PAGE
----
Logic puzzles with a visual component are all the rage, many of them from Japan.
Some were discussed by Alex Bellos in The Guardian, and also in a book Puzzle Ninja.
Your supervisors at Consolidated Megacorp are keen to jump on the bandwagon and
produce an app (ad-driven of course) based on one or more of them. They’d like each
pair of employees to find a puzzle type and write a brief pitch for why it should be
Find and choose (or create) a puzzle type and prepare a document (roughly two full
pages of body text in PDF at 11 or 12 point font – probably slightly longer including
diagrams) proposing it for inclusion in the app. The proposal should contain:
• Enough information about the puzzle to understand how it works.
• The appearance of an initial and completed puzzle.
• Discussion of how new puzzles can be generated and solutions verified.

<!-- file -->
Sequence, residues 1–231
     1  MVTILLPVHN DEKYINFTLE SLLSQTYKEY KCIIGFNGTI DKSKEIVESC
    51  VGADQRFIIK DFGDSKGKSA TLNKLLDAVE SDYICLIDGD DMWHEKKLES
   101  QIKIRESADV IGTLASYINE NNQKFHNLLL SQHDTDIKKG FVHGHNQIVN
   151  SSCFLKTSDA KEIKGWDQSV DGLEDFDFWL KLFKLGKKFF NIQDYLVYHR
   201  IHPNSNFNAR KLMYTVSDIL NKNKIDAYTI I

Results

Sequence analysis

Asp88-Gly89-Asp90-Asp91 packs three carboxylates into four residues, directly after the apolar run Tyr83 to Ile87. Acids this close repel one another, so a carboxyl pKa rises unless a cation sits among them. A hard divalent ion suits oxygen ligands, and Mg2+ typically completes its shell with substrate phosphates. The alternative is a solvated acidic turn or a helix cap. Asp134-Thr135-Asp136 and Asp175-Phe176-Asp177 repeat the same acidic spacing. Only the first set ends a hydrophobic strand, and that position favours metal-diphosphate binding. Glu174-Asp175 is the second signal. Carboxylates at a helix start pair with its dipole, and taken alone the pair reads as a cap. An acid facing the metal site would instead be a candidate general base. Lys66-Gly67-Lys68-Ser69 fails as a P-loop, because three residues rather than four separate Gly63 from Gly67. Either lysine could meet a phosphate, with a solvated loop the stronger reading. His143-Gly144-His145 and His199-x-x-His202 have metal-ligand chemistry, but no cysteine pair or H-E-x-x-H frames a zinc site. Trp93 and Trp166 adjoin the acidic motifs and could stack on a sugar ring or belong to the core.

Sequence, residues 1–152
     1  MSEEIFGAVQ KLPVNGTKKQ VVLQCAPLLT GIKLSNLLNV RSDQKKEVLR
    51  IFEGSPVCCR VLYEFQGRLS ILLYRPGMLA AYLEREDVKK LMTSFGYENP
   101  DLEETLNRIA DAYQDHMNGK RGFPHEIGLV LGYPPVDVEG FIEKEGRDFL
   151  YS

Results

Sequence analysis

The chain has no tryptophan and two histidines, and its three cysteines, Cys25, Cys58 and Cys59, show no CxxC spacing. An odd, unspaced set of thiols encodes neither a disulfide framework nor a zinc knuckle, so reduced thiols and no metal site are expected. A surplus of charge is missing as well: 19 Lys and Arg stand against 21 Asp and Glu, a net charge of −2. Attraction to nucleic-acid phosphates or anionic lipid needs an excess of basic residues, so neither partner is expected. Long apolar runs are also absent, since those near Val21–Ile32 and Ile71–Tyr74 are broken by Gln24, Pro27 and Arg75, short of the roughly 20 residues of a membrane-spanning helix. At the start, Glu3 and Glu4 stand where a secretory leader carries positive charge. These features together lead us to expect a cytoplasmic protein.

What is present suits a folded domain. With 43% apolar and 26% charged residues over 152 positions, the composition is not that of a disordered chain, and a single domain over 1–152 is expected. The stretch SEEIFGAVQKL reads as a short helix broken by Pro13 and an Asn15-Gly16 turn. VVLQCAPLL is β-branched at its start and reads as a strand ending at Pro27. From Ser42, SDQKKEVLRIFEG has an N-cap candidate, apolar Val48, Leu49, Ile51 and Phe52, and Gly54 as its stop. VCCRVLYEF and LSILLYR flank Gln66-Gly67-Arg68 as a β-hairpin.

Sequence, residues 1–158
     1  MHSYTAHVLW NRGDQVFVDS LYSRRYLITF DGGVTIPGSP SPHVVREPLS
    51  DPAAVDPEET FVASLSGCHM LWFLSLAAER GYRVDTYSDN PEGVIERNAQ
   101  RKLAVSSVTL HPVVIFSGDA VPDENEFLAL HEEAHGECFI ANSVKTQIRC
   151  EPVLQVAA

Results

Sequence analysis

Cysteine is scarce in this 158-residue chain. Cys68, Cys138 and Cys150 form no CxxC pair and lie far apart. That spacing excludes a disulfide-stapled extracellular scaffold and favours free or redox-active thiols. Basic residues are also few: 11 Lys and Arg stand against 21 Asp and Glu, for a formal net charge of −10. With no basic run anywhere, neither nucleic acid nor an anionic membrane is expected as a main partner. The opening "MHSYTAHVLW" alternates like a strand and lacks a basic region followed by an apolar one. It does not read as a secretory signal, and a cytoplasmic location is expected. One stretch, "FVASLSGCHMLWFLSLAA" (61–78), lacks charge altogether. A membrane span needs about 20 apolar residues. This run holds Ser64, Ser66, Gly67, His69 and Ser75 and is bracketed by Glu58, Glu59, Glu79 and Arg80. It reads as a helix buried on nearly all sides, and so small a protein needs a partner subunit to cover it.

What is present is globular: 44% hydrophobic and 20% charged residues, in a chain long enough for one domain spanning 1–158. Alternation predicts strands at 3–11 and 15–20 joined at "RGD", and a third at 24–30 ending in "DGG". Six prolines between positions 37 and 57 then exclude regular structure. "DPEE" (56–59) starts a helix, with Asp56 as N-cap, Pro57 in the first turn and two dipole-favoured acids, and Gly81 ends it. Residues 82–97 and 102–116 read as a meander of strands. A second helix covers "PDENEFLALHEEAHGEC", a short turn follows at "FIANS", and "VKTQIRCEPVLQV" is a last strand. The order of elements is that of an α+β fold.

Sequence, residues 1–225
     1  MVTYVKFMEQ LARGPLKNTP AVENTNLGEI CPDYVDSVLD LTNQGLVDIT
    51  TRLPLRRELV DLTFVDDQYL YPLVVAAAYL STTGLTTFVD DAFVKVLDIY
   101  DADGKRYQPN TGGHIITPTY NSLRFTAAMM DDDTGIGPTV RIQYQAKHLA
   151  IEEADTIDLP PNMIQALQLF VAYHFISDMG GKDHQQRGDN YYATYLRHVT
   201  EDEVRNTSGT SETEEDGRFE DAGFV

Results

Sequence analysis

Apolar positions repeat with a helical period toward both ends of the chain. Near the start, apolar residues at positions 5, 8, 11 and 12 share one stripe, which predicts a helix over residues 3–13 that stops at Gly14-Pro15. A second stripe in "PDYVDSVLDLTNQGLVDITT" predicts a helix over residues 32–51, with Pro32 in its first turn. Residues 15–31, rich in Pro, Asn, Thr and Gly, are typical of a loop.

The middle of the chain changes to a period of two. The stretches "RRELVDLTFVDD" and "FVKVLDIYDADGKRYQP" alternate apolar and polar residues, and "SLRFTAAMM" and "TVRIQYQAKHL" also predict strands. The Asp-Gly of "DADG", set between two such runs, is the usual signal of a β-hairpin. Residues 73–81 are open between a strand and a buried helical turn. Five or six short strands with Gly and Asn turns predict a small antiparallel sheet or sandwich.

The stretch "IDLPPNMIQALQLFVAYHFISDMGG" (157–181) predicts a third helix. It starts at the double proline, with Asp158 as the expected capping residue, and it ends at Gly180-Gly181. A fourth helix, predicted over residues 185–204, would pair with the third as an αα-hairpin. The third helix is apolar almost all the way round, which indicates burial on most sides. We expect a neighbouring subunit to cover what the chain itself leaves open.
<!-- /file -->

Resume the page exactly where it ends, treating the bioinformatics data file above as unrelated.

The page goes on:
• Why you think this type of puzzle would be appealing in the app.
• Where the puzzle comes from and consideration of any licensing issues with using puzzles of this type.
Formatting and presentation are important – you are trying to impress your manager’s
manager so that you’ll be chosen as the lead developers on the project!
You may not use a standard puzzle type (any puzzle regularly printed in the newspaper). It would be a bit lazy, but not wrong, to choose one of the puzzle types discussed
in the article referenced above. Another place to start looking for interesting puzzle
types could be The Art of Puzzles. If you’re not sure whether a puzzle is standard or
not, please ask in advance.
Relates to Objectives
1.2, 1.4, 2.6, 2.8, 2.10, 4.6, 4.8.
(3 points, Pair)